Live Music + Gig Reviews

Beach House + Lawrence Arabia @ Bush Hall, London

17 February 2010

Beach House

Beach House

“You’re all so polite”, New Zealander James Milne, aka Lawrence Arabia, announces midway through his set in West London’s most opulent venue. High ceilings, intricate detailing on the walls and six beautiful chandeliers make Bush Hall an unlikely gig venue, a place where anything less than complete politeness would seem strangely ill-advised.

That’s not to say that the support act fails to keep the crowd entertained. Opening his short set with the harmony-laden Dream Teacher and dextrously moving between the warm, Beatles-esque Apple Pie Bed and the more deranged, feedback-soaked The Crew Of The Commodore, it’s the perfect warm-up before the main event.

And ‘event’ is what it feels like as the crowd swells and a collection of odd, fur-covered lamps start to flicker and pulse before Victoria Legrand and Alex Scally, aka Baltimore duo Beach House, cagily make their way onstage. Following the rapturous reception afforded their recently released third album Teen Dream, there’s a groundswell of anticipation as the first chords of Walk In The Park begin to unfurl.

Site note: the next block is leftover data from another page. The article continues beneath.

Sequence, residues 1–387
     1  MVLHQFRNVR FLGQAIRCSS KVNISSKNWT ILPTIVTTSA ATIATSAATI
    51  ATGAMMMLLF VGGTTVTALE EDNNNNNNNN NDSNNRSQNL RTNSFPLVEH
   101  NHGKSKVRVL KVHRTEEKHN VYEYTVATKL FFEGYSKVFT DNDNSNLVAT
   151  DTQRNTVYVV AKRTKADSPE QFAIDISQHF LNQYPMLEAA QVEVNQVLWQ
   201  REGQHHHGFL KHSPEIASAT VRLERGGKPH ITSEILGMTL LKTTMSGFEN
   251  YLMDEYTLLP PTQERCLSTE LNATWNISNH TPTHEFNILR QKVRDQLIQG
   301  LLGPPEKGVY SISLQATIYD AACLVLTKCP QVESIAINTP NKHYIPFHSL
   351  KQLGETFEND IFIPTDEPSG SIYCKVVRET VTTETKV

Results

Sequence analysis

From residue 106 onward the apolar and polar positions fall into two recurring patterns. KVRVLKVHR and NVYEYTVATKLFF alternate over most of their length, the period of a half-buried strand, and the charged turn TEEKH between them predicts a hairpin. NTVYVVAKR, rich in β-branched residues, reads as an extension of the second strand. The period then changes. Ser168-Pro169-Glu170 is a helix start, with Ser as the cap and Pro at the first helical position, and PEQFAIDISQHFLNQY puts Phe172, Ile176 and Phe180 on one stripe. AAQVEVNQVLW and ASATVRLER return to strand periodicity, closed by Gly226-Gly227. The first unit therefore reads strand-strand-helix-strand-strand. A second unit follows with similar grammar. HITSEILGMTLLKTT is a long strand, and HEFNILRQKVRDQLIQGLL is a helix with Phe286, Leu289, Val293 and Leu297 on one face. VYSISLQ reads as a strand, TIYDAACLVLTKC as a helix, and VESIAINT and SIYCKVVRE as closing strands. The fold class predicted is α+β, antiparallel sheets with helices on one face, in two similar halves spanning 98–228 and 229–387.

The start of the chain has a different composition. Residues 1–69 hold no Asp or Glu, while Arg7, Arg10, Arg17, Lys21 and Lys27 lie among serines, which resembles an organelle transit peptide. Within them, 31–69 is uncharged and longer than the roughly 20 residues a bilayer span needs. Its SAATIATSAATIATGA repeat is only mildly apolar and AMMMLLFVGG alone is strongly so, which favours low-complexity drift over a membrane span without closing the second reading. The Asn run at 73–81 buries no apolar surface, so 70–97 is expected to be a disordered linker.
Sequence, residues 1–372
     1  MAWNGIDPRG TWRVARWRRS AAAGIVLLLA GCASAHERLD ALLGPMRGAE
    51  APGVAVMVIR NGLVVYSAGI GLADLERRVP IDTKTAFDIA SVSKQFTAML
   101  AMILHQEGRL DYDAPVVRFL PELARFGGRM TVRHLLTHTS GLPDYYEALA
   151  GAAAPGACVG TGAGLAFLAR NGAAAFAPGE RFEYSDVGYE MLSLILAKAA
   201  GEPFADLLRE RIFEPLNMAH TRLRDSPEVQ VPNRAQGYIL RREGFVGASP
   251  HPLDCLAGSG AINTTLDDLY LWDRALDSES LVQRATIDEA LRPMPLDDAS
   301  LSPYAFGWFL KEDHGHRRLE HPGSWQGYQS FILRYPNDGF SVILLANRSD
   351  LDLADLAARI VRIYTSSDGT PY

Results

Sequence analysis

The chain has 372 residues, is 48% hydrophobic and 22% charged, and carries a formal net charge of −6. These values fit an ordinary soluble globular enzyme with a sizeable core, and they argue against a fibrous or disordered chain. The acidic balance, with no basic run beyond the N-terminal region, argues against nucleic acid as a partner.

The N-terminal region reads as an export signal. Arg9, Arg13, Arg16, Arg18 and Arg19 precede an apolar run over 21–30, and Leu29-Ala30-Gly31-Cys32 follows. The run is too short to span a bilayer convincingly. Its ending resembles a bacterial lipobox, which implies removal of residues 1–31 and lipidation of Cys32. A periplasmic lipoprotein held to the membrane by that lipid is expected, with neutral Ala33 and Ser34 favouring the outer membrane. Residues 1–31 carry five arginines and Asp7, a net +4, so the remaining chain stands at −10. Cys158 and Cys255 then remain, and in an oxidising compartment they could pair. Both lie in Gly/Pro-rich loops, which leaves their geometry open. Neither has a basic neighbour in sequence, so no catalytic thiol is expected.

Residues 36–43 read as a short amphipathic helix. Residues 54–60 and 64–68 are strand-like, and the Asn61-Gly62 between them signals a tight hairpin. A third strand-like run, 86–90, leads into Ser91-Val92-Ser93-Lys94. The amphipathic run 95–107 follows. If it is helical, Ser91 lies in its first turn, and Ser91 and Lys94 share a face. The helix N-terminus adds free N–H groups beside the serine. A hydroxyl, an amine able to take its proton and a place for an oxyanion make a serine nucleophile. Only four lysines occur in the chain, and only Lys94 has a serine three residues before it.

Augmented by a drummer, with Legrand on keys and Scally taking care of guitar duties, there’s an unfussy minimalism to the set-up which mirrors the dreamy, slow burn sound of their records. The majority of the set is taken from Teen Dream, its bruised beauty reaching a peak with the lovelorn Zebra, Legrand’s rich and evocative vocals weaving in and out of a typically delicate guitar figure.

But for all their woozy, pillow-soft sounds, the new material also allows them a chance to rock out, albeit relatively. The distorted Silver Soul finds Legrand fashioning her own version of head-banging as she lunges forwards and back over her keyboard, whilst the brilliant Norway, complete with its chorus of “ah, ah, ahs”, gets the crowd involved in a singalong.

The real moment of magic comes with the last song of the main set. With the chandeliers turned right down and with fluffy lamps set on static, Legrand asks to make things really romantic and, as Teen Dream’s stately closer Take Care begins to unfurl, the glitter ball hanging above the crowd sparks off a hundred shards of light. It’s a breathtaking moment and as Legrand sings “I’ll take care of you, if you ask me to” it’s hard not to be swept up in the moment.

After a brief encore and a quick farewell, the house lights are back on and suddenly the beauty of the venue takes over again. It’s a testament to Beach House that during their set the only things worth concentrating on were the three figures onstage and the lush, haunting music they seem to create out of the barest ingredients.


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